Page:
Sunday, October 31, 2010

Why Use Dried Herbs vs. Fresh?

One of our storage areas for spices and dry goods
Maybe some of you are wondering why someone like me, a grower of a large variety of herbs, would ever want to use dried herbs. Or even better yet, why would I waste my precious time in the pursuit of drying and storing herbs?

Well, first and foremost is basic laziness. If it is pouring rain out (210 inches so far this year in Boquete) and I need an herb for a sauce or soup, I am not venturing out to pick fresh. Plain and simple.

Another reason is that I only have some herbs available only part of the year. Even though I live in the Tropics and the weather is just about always in the 60's to 70's, some herb gems like Marjoram and White Sage seem to have to leave me for half of the year. Some love the rain...some love the dry.
Then there is the question of what flavor or visual profile I am looking for in my dish. For example, I really prefer dried Greek Oregano in my pizza sauce. I do not want a bunch of dark brown, limp leaves, from using fresh Oregano floating around in my pizza or marinara sauce. Dried Greek Oregano has really strong and intensified flavors when dried that is very different from the fresh. It is the concentration of the herb's essential oils when all of the moisture has been drawn out that makes many (not all) herbs have a more intensified fragrance to them rather than a greener, more delicate fragrance when used fresh.
Fresh Thyme & Sage
Thyme and Culinary Sage

Now don't get me wrong, I love using my fresh herbs (you may want to check out an earlier post of mine on using fresh herbs in cooking on this blog called Keep It Simple: Fresh Herbs). I feel quite spoiled being able to use year 'round all of the fresh seasoning out of the garden for fresh salads, salsas and pesto. But there are a few dried herbs herbs that are must to keep in the pantry.

Here is my list of Dried Herb Pantry Essentials.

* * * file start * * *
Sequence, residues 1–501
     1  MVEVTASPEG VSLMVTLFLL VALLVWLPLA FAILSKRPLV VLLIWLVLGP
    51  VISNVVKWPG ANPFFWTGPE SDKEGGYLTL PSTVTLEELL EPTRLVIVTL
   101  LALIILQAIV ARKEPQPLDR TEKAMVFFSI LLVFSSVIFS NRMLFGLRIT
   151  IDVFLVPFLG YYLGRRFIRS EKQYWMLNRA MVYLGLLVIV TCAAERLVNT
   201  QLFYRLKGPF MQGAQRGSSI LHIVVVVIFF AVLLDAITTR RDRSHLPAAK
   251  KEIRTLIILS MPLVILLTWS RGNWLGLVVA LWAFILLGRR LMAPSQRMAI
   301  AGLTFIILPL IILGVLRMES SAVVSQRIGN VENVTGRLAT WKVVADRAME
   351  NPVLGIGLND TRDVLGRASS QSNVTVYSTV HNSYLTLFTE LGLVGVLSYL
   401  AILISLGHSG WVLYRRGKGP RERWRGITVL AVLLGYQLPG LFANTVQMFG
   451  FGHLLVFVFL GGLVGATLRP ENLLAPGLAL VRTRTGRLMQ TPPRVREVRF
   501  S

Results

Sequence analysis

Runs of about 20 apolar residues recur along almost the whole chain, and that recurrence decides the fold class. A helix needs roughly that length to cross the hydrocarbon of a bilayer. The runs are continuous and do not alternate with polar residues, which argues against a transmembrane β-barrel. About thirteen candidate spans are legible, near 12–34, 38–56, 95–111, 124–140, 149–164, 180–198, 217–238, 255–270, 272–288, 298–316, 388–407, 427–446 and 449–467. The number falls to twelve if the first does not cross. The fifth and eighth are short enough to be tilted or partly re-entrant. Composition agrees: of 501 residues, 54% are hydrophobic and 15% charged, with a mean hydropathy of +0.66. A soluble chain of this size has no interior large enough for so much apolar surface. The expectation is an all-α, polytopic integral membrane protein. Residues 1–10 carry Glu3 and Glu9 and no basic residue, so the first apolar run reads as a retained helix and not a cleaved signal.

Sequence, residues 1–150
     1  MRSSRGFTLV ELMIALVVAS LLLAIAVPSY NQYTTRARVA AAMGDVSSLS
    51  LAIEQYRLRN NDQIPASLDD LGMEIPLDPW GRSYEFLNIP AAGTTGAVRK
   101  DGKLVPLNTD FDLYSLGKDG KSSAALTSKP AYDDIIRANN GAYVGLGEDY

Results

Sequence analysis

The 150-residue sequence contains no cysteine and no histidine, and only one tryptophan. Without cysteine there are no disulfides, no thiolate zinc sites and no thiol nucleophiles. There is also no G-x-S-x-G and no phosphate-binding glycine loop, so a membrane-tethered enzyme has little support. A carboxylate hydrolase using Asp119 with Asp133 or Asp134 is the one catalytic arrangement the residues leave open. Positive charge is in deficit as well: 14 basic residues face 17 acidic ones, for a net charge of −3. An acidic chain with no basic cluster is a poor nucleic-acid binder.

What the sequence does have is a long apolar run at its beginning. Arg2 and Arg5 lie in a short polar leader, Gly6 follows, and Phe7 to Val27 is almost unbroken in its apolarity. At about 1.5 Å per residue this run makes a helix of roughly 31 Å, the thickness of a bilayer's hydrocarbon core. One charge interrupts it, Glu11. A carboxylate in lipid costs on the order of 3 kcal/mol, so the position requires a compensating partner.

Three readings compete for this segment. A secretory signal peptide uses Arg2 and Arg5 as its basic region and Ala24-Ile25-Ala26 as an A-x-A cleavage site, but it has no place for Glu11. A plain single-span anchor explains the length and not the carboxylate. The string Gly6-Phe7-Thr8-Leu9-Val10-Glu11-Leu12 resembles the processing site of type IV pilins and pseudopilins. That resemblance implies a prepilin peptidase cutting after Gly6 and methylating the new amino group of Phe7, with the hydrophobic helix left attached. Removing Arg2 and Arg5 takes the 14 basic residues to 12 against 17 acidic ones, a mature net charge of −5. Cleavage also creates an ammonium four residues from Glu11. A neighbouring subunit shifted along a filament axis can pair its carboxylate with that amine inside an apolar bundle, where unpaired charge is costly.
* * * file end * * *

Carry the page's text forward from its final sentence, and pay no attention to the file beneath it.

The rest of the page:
Our daily use spice rack in the kitchen.
Dried Kitchen Seasonings:
Basil: For Italian Cuisine
Bronze Fennel: To season homemade sausage.
Curry Leaves: Use like one would use bay leaves in Indian Cuisine.
Epazote: A unique herb used a lot in Mexican cooking, mostly beans, for flavor and to hold back the resulting "toots". See my post, Epazote, the Secret Mexican Herb for more information on epazote.
Greek Oregano: for pizza dough and tomato sauces.
Marjoram: to rub on Pork Chops, mix into risottos and for Mediterranean style cooking
Sage: My favorite chicken rub and for gravies.
Thyme: I mix this into my pie dough for savory pies.

Tea Time:

Lemon Balm: mixed in with a little green tea.
Chocolate Mint: A great after dinner tea.
Spearmint: Strong and sweet just like they make it in the Middle East
Orange or Mandarin Peel: with Black tea. Also great in cooking sweet or savory

House Hold Upkeep:

White Sage: a little burned around the house like an incense cleanses the air and is a natural anti-bacterial. Smells like the desert! Click on this link to revisit my post on White Sage: Let's Clear the Air.

Using dried herbs is easy if you remember a few rules:
Use about half of the amount of dried that you would of fresh because the oils are concentrated.
To use, take a small handful in the palm of your hand, and rub your palms together, like you are trying to warm then up, and allow the crushed leaves to fall below, maybe onto a clean plate or a bit of waxed paper. Left over in your palm will be the leftover branches and leaf veins. I use the waxed paper or plate to ensure that I do not over load my dish, being able to add a little at a time and to keep out the twig shrapnel!

Store your freshly dried herbs in an airtight bottle and out of the sunlight and heat to keep its flavors strong. Do not shake your herb bottle over a simmering pot, moisture will get into the bottle and ruin your dried herb soon after you put the lid back on. They only have a shelf life of about 1 year, then toss and buy new.

Remember that a little bag of freshly dried herbs are always better than a store bought version that has traveled many miles to get to your store, maybe overseas in hot containers. That little jar on the store's shelf also has been most likely sitting, God only knows for how long, in one or even two supplier warehouses and then on the Market shelves.

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